Last week, after Roy Moore lost the race for a Senate seat in Alabama, I wrote “Old-guard Senate Republicans don’t like over-the-top vile. They like guys who are vile but discreet.”
In other words, they prefer colleagues who are like themselves. But there’s always room under their tent for guys like Moore and Donald Trump, faux-populists who convince low-information voters (gotta love the euphemism!) that the GOP is more than just the party of the rich.
But that’s exactly what the GOP is. Congressional Republicans invariably push for legislation like the newly passed tax bill, which is nothing but a huge giveaway to the corporations and individuals that fund their campaigns and set their agendas.
Vile but discreet Republicans — the McConnells and Grassleys and Cornyns and so on — don’t grab pussies or wave pistols or publicly dismiss Mexicans as criminals. They pretend to be appalled by the antics of their overtly vile colleagues. They pretend to serve both rich and poor constituents, and to worry about the federal deficit.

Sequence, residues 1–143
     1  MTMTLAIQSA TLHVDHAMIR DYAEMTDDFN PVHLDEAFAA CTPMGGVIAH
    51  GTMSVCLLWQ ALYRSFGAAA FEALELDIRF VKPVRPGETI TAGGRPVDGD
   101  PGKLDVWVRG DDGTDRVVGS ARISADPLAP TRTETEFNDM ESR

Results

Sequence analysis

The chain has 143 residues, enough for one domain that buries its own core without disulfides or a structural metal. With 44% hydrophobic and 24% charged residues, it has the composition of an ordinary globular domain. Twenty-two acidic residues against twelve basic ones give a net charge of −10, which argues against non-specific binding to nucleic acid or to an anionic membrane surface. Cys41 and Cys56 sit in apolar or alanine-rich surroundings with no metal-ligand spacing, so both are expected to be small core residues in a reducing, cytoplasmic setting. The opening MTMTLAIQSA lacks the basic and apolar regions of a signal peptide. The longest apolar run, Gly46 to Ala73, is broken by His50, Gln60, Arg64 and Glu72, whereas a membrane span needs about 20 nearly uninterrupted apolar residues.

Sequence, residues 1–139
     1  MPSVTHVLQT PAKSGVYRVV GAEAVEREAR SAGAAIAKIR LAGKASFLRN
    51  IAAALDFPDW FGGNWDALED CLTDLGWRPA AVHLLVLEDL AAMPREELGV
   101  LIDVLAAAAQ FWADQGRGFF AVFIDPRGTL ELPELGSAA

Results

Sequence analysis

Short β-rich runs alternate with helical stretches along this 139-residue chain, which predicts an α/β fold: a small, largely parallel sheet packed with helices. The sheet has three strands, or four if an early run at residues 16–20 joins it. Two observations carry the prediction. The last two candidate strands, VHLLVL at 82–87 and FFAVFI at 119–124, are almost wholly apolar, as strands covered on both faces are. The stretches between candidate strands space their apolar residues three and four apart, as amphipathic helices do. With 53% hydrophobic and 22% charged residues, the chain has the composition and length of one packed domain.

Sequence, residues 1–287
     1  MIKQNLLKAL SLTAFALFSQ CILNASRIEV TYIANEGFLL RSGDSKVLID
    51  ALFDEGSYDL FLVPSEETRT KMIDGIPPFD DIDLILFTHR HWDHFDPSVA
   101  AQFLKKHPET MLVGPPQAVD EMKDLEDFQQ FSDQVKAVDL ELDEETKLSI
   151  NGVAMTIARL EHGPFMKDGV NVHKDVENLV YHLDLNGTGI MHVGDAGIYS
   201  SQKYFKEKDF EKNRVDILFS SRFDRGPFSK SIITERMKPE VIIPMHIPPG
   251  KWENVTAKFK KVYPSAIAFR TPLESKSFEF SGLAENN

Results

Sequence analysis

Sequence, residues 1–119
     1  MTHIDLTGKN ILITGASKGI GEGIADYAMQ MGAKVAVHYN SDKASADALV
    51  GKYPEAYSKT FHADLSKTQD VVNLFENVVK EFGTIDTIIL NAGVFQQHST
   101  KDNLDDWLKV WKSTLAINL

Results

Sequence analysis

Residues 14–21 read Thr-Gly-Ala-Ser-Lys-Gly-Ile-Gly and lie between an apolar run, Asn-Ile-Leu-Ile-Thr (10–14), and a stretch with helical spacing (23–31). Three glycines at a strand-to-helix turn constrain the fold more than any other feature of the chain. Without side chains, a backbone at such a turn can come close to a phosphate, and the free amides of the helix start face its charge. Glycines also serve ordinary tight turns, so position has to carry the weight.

Some of them — the pipsqueak Bob Corker comes to mind — even pretended to doubt the wisdom of the new tax bill before adjustments were made to ensure the bill would benefit them personally.
In the end, all the Republicans in the Senate and all but twelve in the House voted yes to the bill, because it will further enrich their masters and themselves.
Maybe passage of the tax bill will wake Democrats to their great opportunity to retake both houses of Congress next year in the midterms. But don’t bet on it too early — Dems are experts at blowing opportunities.